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Sun Tzu Week 13: ‘Twas a Turkey

By Eric Johnson | November 30th, 2002

Ah, Shaolin Redskins fans, our little village lays smothered under the forlorn detritus of our day of thanksgiving. We were feasting on so many wonderful dishes–and then disaster struck. Our troops, after an early domination of our sworn enemies, collapsed and their defeat was secured. It is a dark time for all of our peoples.

The one sliver of silver lining in all this is that the Ol’ Ball Coach had the opportunity to draw some more lessons from Master Sun Tzu. Let us see what this week’s struggles taught him:


Sun Tzu said:

“Now an army may be robbed of its spirit and its commander
deprived of his courage.”

This is perhaps the simplest explanation of the Redskins’ inability to defeat Dallas. Though he said on his radio show that he feels like he’s been the coach at every one of the last ten defeats we have experienced against the Cowboys, Spurrier only coached the most recent one. The blame is not solely his: Norv Turner and Marty Schottenheimer also oversaw grievous losses to our eternal enemy during that span. Coaches may come and go, but the team–and the outcome–remains the same.

So to what can we attribute the Redskins’ inability to defeat the Cowboys? The Cowboys simply, somehow, rob us of our spirits. The first few defeats were probably just vagaries of the game–but now the team is so keyed up about the series and the losing streak, and Dallas is so confident of victory, that we end up defeating ourselves as we showed this week. The solution, then, isn’t external–it is internal. We allow them to rob us of our spirit–by robbing ourselves of our spirit. This must stop, and stop now.


Sun Tzu said:

“If troops are punished before their loyalty is secured they will
be disobedient. If not obedient, it is difficult to employ them.
If troops are loyal, but punishments are not enforced, you cannot
employ them.”

The Ol’ Ball Coach is walking a fine line with regards to his relationship with his players, and it is something to watch over the next few weeks. In general, his award/punishment system is very clear, as I have mentioned before: if you perform up to the coaching staff’s standards, you play; if you don’t, you don’t.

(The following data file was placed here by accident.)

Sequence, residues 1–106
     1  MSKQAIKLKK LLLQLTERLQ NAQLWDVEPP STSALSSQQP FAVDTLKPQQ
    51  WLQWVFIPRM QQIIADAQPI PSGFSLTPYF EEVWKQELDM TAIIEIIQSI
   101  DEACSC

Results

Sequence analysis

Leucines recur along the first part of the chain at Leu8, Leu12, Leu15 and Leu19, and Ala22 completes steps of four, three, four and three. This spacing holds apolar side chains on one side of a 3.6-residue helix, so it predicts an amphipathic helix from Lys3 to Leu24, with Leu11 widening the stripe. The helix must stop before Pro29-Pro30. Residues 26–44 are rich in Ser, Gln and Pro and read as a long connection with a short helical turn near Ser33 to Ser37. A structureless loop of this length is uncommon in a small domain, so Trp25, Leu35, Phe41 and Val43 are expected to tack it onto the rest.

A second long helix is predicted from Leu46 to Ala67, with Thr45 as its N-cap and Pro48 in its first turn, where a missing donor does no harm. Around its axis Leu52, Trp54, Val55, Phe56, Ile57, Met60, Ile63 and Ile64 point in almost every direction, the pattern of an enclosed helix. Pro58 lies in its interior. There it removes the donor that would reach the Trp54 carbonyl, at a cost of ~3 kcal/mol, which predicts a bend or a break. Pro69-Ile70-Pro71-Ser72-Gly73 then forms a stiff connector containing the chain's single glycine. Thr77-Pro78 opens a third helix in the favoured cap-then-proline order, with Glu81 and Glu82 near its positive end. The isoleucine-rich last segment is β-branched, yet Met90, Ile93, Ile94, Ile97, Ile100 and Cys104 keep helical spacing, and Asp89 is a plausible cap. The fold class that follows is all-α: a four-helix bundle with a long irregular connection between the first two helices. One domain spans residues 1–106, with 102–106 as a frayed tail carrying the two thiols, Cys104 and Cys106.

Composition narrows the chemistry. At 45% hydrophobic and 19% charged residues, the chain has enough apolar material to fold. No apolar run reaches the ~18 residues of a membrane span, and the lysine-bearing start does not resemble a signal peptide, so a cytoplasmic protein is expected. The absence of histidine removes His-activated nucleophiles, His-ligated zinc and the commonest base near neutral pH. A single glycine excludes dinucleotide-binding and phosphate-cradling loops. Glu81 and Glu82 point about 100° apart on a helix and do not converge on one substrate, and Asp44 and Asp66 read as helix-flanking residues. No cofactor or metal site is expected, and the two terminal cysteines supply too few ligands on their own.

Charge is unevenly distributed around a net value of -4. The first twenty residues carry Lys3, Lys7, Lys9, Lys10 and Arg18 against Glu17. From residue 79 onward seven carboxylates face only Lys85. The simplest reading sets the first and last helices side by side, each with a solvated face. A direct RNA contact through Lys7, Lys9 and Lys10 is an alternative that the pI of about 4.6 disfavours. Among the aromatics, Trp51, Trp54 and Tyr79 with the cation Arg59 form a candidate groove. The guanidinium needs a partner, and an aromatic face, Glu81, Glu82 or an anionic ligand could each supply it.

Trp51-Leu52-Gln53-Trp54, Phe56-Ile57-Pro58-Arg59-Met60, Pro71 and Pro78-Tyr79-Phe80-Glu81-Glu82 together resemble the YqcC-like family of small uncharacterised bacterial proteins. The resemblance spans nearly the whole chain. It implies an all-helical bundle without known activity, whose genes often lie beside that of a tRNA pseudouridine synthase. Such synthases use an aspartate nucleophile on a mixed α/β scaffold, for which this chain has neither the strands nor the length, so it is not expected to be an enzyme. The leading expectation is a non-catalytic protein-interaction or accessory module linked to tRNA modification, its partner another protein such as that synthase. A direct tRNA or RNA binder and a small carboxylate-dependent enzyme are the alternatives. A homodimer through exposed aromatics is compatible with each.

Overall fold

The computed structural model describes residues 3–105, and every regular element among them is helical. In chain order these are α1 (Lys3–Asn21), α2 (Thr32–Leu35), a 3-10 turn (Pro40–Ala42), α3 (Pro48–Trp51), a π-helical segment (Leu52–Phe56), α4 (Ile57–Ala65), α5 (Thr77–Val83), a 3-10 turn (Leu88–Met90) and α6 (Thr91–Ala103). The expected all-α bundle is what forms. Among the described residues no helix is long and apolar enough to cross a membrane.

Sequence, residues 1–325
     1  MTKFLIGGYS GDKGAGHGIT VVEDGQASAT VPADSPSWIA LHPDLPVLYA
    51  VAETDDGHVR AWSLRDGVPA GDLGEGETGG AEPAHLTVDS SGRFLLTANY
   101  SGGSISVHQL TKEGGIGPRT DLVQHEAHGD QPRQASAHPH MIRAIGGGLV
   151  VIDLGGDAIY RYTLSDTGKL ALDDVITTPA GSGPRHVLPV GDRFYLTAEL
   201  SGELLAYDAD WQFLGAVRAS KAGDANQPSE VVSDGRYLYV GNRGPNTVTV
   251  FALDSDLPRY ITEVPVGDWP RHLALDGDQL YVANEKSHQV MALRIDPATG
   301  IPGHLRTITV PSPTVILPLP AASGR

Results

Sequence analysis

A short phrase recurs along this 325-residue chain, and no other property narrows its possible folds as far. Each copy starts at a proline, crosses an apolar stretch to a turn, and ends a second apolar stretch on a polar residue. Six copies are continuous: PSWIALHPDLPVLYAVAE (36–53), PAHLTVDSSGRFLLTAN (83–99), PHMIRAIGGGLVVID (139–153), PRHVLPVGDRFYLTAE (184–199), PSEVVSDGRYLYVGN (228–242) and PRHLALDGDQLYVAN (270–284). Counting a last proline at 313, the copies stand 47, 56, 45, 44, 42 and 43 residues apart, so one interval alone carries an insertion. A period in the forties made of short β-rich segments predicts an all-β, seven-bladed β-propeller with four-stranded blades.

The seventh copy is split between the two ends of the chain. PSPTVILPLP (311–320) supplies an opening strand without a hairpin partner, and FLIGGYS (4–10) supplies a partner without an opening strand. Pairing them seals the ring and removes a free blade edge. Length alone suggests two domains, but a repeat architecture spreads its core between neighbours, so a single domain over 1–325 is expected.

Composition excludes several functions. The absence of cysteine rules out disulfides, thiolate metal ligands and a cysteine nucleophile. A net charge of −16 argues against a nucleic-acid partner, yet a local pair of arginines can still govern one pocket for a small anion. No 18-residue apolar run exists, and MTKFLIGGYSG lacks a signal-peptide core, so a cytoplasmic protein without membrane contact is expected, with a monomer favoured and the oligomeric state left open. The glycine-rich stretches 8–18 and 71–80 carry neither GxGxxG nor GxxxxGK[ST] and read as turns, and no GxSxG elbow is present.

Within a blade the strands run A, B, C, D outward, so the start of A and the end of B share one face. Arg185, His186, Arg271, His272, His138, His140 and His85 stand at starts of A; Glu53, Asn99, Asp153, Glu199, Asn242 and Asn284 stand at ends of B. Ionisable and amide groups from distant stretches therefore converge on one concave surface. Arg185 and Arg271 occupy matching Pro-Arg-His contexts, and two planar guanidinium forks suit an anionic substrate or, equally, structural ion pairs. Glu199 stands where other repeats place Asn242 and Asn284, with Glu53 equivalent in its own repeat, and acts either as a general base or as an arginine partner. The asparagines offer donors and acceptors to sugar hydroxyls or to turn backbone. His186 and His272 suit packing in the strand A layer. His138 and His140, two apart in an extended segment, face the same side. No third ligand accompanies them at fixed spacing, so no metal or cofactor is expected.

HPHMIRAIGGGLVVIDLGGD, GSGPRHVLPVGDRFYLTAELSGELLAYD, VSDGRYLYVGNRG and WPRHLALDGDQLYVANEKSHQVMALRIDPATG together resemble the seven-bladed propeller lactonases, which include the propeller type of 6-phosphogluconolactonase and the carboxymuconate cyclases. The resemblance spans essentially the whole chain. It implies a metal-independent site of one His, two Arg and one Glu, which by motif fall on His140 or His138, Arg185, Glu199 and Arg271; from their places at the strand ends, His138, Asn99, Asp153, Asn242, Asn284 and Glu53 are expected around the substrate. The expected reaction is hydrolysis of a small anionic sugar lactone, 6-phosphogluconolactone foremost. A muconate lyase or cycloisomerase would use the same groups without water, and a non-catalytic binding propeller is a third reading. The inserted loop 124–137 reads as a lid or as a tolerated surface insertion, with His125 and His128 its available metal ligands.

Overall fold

But this week in particular has shown what a keen edge that can sometimes be. The loss at Dallas had personnel repercussions, when PK James Tuthill and P Bryan Barker were replaced. Many read into his actions–particularly cutting Tuthill–as knocking the heads off of players with essentially minor roles in the loss. The kind of action often ascribed to Norv Turner–a rather ineffectual showing of pique. There were grumbles of surprise among his players. While the performance-based move was consistent, it struck them and some observers as perhaps heavy-handed.

Luckily, however, Spurrier also has an example of how that approach can benefit some players: Darnerian McCants rejoins the line-up after having been effectively benched for sloppy practices and blocking poorly in the Seattle game. But now he understands the lesson he was taught: “By midseason, I pretty much understood his style. They want you to know everything about everything. Before, I knew my position and what to run, but now you have to know all positions. It’s a lot more detail. He’s searching for perfection.”

The more players that understand that, the more success Spurrier will have. However, he has to be careful not to alienate his players in the process.


Sun Tzu said:

“On the day the policy to attack is put into effect, close the
passes, rescind the passports, have no further intercourse with
the enemy’s envoys and exhort the temple council to execute the

It appears Steve Spurrier’s internal struggle might be over. In the past weeks, he has been criticized for not running the ball enough; for poor play-calling; for relying on a deep game that isn’t (or can’t be) there; for a myriad of mistakes in his approach to the professional game.

But these concerns aren’t truly his–these aren’t the things that make him tick. He plays a different game, and has remembered that fact. “You need balance,” Spurrier said. “. . . But I was maybe wrong in worrying about it [the criticism of the number of passes the Redskins were throwing] too much. You have to coach your way. . . . Our fans, even the players on our team, they want to run more. I want to do what they want to do. But Mr. Snyder didn’t hire me to run the ball 45 times.”

This recommitment to “playing within himself” will provide dividends in the long run. I expect we’ll see a more wide-open game for the remainder of the season as he tests both his younger players and reminds himself of the style of play that got him here. It might fail, but it will very likely be an exciting month–and a precursor of Redskins football to come!

Edit: This blog was archived in May of 2016 from our original articles database.It was originally posted by Eric Johnson

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